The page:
All the right moves
Tri Squares step up to teach new generation the fun of square dancing.
Dressed in petticoats and western-style shirts, the men and women are an unlikely sight along busy Pacific Highway Friday evening as they mosey on into the Tigard Grange.
Inside, the crowd of about 30 stands facing one another when the music begins to play.
On stage, the caller dictates a series of intricate movements the dancers execute in unison without skipping a beat.
Its a scene that would have looked at home 100 years ago, but has long fallen out of the public spotlight in much of the country, and squaredancer Adolf Eppich has a plan to bring it back, at least locally.
The Tigard Tri Squares square dance club is one of about three-dozen square dance clubs across the Portland area, holding onto the traditional style of dance and offering free square dance lessons throughout this month to show folks what square dancing is really all about.
Its a lot of fun, Eppich says. Its a great activity.
Great mental challenge
Square dancing has a reputation as an old-timers activity, and Eppich admits most of the Tri Squares membership skews toward the 60 and older crowd.
Its definitely a gray-haired membership, says Eppich, 68. When my wife and I joined in 2000, we werent the youngest, but we were in the bottom third.
At last weeks dance, a small group of teenagers joined the throng. Eppich says they learned some smooth moves in school.
Its rare to find young people on his dance floor.
Eppich wants to teach the younger generation there is more to square dancing than do-si-dos and promenades, Eppich says.
Its a team sport, he adds.
Dancers work in teams of eight called squares to visually weave the callers jaunty series of steps.
If one of you doesnt know whats going on, you can break down the whole square, Eppich says. So you sort of have an obligation to learn the moves. That makes it a lot more fun for everybody.
Care to dance?
What: Free square dance lessons starting Jan. 13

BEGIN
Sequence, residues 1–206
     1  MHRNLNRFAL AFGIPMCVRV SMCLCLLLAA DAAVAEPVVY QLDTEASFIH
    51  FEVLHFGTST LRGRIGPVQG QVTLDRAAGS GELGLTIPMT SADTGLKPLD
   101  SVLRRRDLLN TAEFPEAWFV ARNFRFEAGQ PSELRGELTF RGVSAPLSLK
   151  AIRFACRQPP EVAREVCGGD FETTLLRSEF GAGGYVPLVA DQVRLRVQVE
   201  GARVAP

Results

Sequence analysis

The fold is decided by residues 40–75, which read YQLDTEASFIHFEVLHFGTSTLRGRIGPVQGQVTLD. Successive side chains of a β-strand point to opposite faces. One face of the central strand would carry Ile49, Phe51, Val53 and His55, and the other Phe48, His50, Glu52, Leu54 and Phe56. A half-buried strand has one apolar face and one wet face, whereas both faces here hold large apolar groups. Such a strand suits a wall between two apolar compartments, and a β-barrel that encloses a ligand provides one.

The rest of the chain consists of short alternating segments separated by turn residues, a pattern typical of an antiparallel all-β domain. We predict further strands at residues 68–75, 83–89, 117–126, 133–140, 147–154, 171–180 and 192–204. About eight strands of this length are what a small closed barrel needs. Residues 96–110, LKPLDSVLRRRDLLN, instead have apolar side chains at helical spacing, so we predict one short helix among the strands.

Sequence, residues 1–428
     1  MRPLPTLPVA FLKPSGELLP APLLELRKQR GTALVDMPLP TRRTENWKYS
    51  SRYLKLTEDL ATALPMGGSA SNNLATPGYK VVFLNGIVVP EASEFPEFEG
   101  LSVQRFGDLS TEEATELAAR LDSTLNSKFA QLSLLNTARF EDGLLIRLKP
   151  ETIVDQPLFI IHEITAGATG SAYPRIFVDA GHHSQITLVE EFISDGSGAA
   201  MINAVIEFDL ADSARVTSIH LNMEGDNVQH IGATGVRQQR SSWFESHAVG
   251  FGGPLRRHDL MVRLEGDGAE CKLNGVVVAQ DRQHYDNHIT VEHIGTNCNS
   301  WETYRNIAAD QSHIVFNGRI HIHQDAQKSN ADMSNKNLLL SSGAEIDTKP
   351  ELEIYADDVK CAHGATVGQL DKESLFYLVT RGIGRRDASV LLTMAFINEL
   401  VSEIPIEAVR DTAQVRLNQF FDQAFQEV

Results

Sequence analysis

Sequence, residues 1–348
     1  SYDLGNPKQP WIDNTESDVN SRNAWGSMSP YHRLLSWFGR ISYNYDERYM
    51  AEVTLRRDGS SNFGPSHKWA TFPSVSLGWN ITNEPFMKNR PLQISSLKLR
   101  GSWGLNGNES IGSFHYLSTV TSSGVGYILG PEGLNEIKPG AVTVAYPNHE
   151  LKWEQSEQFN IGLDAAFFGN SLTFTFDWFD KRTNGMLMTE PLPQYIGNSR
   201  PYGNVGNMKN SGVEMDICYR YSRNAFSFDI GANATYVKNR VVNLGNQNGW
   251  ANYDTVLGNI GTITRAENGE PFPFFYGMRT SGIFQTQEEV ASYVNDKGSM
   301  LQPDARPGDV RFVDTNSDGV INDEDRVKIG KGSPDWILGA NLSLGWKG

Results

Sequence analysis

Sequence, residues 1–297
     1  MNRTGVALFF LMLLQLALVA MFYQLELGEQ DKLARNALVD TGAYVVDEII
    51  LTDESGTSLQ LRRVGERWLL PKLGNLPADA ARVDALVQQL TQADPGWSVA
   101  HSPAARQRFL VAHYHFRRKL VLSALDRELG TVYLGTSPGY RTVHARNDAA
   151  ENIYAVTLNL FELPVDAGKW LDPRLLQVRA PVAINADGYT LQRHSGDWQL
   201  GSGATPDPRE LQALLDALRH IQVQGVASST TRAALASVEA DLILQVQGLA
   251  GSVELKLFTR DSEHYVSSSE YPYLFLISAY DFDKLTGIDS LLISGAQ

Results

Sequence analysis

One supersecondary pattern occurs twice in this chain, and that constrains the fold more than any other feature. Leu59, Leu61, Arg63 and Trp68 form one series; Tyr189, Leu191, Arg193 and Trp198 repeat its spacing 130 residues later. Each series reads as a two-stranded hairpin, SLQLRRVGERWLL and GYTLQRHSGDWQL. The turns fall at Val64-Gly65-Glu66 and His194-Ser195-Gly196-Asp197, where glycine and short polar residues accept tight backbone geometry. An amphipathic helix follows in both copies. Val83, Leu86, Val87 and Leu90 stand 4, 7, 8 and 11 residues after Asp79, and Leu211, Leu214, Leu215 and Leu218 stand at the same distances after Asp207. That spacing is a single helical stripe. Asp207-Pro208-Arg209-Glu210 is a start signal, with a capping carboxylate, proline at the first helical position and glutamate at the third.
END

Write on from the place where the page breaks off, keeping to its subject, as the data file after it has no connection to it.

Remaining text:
When: Sundays, 2 to 4 p.m.
Where: Tigard Grange, 13770 SW Pacific Highway
Info: Call 503-625-7626
The moves come, one after another, to form a fast-paced dance.
Everyone depends on everyone else, Eppich says.
What most people dont realize about square dancing is how challenging it can be for dancers.
You are dancing to the moves of the caller, so you have to listen, Eppich says. Its a great mental activity. Its an activity that takes some intelligence to become good at.
Eppich, a retired hydraulic engineer, says square dancing took him years to master a task that required countless lessons with the Tri Squares.
Square dancing is one of those events that you have to take time to do, he explains. The only way to really learn square dancing is to do a lot of repetition to get familiar with the calls and get to know whats going on.
Tri Squares free lessons begin Sunday, Jan. 13, and continue every Sunday for the rest of the month. After the free January lessons wrap up, the lessons continue for the next six months for $6 per student per session.
It takes that long, Eppich says, to learn the more than 70 different steps that the caller might shout during a given dance.
And even then, if you dont do it for awhile, youll forget, Eppich says. If you miss a year, youll probably have to take lessons again. Its easy to forget.
In the past, Eppich says, the free lessons have proven popular, bringing in as many as 30 students.
Down to earth
As much as he loves dancing, what keeps Eppich coming back again and again are the people.
When we joined up with the Tri Squares, we met people we didnt think existed anymore, he says. They are very friendly, very down to earth.
And no matter your age, Eppich says its a fun, healthy way to spend an evening.
For people my age, its a pretty decent evening of exercise, Eppich notes. You arent going to kill yourself, but you will move and get your cardiovascular system going.
The Tri Squares meet for regular dances twice a month, and at $5 per dance, its affordable.
Its cheap, Eppich says. You couldnt go out dancing (anywhere else) for this price.
For more information about the free lessons or to learn more about the Tri Squares, call 503-625-7626 or visit www.trisquares.com